Next month I'm hoping to hit some older books on my shelves. Where you found dozens, I literally have hundreds. Blergh. 

And how about you, what did you read this month?

Sue: Ah, I love our adventures!!

I read 5 books in January:

A Spot of Bother by Mark Haddon: I had bought this book in hardcover when it was released as it was Haddon’s first book after The Curious Incident of the Dog in the Night-Time (a book which I absolutely adored).  A Spot of Bother focuses on an older British couple (husband is retired and wife is semi-retired) and their grown-up children (gay son and relationship-challenged daughter). The husband begins having anxiety attacks and also begins imagining that a spot of eczema he’s noticed on his stomach is actually cancer. The whole notion of him having cancer debilitates him and things spin quickly out of control for him. The wife is having an affair with an old work colleague of her husband’s. The gay son has moved away from home and is having relationship issues of his own as he’s afraid to commit and introduce his boyfriend to his parents. The daughter is trying to decide if the man she’s marrying is due to his ease of dealing with her out of control son (from a previous failed marriage) or due to the fact that she does truly love him. The book was very funny and also very emotional. I loved way the story built up to one absolutely horrific day where the family is all together and everything goes wrong but turns out right in the end. Interesting comment on how family members can easily drift away from each other and not really know each other very well at all.

Ox-Tales Earth: This was a book of short stories released by Oxfam in 2009. I picked this book up at WH Smiths in a train station in England (my train stub was still in the front of the book). It was one of 4 books of short stories released to raise money for Oxfam (the others being Air, Water and Fire). Each of the compilations contained short stories from well-known authors who donated their stories to the collections. Some of the authors who contributed to this volume were Kate Atkinson, Ian Rankin, Hanif Kureishi, Nicholas Shakespeare and Jonathan Coe. I really enjoyed these stories which ranged from a station master in rural Russia hiding a dying Leo Tolstoy from his wife, a white South African woman fighting to keep her love for her native country despite the current regime which was persecuting legitimate white land owners and the lengths she goes to in order to defend her love, a Rebus story from Rankin of exactly 200 words, a story about a man trying to regain his youth and the story of a young boy with autism and how his mother struggles with wishes of him enjoying the simple things in life. I wish now in retrospect I had read this book sooner and bought the other 3 editions because I believe I would have enjoyed them as much as I did this one however I can’t find them online anywhere. This is the downside to waiting 5 years to read a book!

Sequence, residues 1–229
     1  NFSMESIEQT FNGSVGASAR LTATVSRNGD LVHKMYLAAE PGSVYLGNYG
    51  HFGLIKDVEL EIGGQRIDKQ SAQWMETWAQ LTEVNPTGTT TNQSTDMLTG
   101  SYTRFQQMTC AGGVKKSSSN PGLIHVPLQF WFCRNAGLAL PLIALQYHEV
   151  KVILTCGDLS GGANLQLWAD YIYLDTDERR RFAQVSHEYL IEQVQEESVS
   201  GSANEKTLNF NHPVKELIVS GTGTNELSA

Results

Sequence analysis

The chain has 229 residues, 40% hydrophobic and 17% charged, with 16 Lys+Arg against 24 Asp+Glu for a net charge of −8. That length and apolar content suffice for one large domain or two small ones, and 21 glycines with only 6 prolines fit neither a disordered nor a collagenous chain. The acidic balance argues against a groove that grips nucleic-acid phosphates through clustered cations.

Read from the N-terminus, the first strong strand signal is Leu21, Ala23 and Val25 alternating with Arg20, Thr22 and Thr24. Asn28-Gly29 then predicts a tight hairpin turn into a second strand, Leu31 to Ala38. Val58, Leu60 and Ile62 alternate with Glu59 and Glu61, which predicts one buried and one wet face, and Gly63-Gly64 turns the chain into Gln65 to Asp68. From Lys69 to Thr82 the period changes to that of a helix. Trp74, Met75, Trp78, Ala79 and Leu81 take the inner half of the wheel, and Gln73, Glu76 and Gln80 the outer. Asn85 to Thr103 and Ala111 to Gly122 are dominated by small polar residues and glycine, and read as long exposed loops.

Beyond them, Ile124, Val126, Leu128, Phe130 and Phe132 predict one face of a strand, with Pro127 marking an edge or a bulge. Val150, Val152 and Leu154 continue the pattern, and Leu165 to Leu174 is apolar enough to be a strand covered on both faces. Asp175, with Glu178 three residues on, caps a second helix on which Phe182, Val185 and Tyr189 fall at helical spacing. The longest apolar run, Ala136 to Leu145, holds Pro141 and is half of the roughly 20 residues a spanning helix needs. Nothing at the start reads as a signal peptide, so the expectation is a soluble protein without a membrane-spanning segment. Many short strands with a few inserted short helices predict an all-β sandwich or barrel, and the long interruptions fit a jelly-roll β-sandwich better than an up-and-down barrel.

Wicked by Gregory Maguire: I picked up this book in a used bookstore many years ago prior to reading Confessions of an Ugly Stepsister by Maguire in my book club. I bought it on the recommendation of so many people. I bought it before I read and disliked Confessions of an Ugly Stepsister and it has taken me at least 10 years to summon the strength and interest to read Wicked. This must be a good book though, right?  It’s been a major hit on Broadway.  I think my initial disinterest of the book was the fact that it was related to The Wizard of Oz. I have seen many clips of the movie over the years but the few times I sat as a child to watch the movie on t.v. I was either terrified or bored. I had to actually read the synapsis of The Wizard of Oz so that I would have the background to read Wicked. I did find the premise of Wicked interesting – to hear the other side of the story of the Wicked Witch of the West and figure out why she did what she did and why she was who she was.  I enjoyed parts of the book but on the whole found that I wasn’t very interest in the story of Elphaba at least not until she was at school but that quickly passed and I found that her early years and later years weren’t overly satisfying story material for me. I found that the politics usually overshadowed finding out who Elphaba really was on the inside. I found it hard at times to pick up the book and keep reading.  Perhaps it was the fact that I didn’t have that childhood link to Oz. I’m not sure. In the end this is not a book that I would recommend.